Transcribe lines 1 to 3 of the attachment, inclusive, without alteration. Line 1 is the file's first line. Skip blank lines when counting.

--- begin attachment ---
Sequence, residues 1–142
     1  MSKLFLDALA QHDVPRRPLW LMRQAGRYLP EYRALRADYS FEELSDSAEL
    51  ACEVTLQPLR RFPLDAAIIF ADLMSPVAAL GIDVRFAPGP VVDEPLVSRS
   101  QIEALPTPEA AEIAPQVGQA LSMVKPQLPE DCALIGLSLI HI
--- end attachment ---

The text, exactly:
Sequence, residues 1–142
     1  MSKLFLDALA QHDVPRRPLW LMRQAGRYLP EYRALRADYS FEELSDSAEL
    51  ACEVTLQPLR RFPLDAAIIF ADLMSPVAAL GIDVRFAPGP VVDEPLVSRS